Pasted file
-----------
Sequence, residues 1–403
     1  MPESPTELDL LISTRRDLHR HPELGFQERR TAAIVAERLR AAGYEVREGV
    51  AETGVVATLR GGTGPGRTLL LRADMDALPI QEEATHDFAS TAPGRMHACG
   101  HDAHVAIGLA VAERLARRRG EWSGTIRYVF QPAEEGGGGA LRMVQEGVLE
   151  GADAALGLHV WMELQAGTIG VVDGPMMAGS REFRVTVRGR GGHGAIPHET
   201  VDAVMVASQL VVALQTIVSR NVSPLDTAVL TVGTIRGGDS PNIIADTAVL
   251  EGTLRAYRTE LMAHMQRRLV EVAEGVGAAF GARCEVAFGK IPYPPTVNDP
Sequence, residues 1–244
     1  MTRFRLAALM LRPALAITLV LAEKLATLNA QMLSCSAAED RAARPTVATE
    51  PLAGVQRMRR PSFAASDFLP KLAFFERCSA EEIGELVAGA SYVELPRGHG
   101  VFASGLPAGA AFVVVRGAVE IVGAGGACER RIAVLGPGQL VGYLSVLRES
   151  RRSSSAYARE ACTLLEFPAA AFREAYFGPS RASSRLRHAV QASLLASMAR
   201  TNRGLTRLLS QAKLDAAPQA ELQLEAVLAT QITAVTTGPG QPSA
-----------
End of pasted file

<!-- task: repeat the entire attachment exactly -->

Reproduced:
Sequence, residues 1–403
     1  MPESPTELDL LISTRRDLHR HPELGFQERR TAAIVAERLR AAGYEVREGV
    51  AETGVVATLR GGTGPGRTLL LRADMDALPI QEEATHDFAS TAPGRMHACG
   101  HDAHVAIGLA VAERLARRRG EWSGTIRYVF QPAEEGGGGA LRMVQEGVLE
   151  GADAALGLHV WMELQAGTIG VVDGPMMAGS REFRVTVRGR GGHGAIPHET
   201  VDAVMVASQL VVALQTIVSR NVSPLDTAVL TVGTIRGGDS PNIIADTAVL
   251  EGTLRAYRTE LMAHMQRRLV EVAEGVGAAF GARCEVAFGK IPYPPTVNDP
Sequence, residues 1–244
     1  MTRFRLAALM LRPALAITLV LAEKLATLNA QMLSCSAAED RAARPTVATE
    51  PLAGVQRMRR PSFAASDFLP KLAFFERCSA EEIGELVAGA SYVELPRGHG
   101  VFASGLPAGA AFVVVRGAVE IVGAGGACER RIAVLGPGQL VGYLSVLRES
   151  RRSSSAYARE ACTLLEFPAA AFREAYFGPS RASSRLRHAV QASLLASMAR
   201  TNRGLTRLLS QAKLDAAPQA ELQLEAVLAT QITAVTTGPG QPSA